As I’ve learned, each child is different, and should not be judged against other children. Some children are slower learners when it comes to certain subjects—but that’s not to say they won’t learn what they need to. They just need a bit more time to get there.

For example, instead of mastering reading and writing at 7, one may master it at 9. It’s OK to take it slow. It helps them retain what they are learning and truly absorb it before passing on to the next level. It leads to a mastery of the subject, not just “getting through it.” The goal is to develop lifelong learners that will continue learning out of pure desire, past the schooling years.

Some children, on the other hand, may excel, and because of the flexibility that homeschooling provides, are allowed to do so. I’ve heard stories from friends and family members, including teachers, about students who are held back because they were forced to stay at the same pace as the slowest student in a class. Those children don’t get the attention that they need, and can’t realize the full potential of their gifts.  

In my eyes, in the traditional schooling structure, children are sent away at an early age to spend hours in an overly structured school setting to learn a one-size-fits-all curriculum with their peers for most of their days. At this point, they are introduced to the larger world, and it leaves little room for them to enjoy their childhood.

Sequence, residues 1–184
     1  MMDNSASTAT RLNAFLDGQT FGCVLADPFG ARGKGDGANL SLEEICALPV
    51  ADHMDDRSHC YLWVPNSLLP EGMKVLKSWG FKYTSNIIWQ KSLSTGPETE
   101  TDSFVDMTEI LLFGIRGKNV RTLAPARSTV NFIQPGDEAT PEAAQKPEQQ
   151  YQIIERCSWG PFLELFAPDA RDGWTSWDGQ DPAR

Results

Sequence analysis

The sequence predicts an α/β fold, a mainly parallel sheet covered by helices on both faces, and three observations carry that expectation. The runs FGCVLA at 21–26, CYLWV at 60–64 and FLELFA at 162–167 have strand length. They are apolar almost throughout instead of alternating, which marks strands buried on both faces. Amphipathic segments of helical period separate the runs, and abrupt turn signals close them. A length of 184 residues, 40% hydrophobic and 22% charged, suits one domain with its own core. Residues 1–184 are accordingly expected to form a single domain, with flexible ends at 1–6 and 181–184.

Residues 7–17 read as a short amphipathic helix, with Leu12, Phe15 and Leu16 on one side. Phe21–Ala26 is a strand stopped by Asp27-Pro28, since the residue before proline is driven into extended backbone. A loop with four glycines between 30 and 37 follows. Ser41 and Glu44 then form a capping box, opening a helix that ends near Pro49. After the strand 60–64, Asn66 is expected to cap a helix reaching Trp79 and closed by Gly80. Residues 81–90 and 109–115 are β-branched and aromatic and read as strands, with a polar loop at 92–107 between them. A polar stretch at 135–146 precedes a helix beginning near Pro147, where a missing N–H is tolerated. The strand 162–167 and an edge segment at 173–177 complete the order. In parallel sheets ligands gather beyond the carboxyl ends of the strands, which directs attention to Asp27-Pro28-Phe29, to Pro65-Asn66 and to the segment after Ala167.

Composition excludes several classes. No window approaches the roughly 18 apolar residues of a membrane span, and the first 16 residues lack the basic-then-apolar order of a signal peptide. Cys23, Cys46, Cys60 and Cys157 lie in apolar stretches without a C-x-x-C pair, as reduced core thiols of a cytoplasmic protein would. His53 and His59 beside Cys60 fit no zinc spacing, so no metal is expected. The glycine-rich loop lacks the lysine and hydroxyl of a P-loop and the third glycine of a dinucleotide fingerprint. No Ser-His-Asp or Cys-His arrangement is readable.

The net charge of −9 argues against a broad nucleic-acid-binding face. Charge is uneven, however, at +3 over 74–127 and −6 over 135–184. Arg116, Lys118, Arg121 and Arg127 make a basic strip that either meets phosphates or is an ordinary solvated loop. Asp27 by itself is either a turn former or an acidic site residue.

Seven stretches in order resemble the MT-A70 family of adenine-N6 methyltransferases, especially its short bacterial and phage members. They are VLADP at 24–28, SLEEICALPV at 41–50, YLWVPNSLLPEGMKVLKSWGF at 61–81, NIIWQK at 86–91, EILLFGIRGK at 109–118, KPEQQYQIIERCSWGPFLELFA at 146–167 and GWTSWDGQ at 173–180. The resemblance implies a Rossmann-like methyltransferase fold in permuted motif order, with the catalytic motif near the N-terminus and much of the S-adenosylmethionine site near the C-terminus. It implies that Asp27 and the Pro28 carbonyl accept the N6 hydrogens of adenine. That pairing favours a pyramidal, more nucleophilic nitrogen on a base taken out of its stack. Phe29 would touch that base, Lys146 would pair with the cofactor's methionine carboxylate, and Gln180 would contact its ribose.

Once they are out of school, they will be further thrown into the world and have the toil of work that we know all too well.

I am often asked about how my children are able to socialize with other children since they are homeschooled. I find this question amusing, since, as someone who went to public school myself, I remember my teacher would always remind us that “we didn’t go to school to socialize.” (I often got in trouble for talking.)

There are many ways that homeschooling provides socialization for children. My children participate in community sports, art school, dance school, swimming class, and library events. They make friends at the local parks, churches, and co-ops.

Socializing has honestly more to do with a person’s personality than their learning environment. Introverts will want to stay away and not socialize as much, whether they are in public school or homeschooled. Extroverts will socialize wherever and whenever.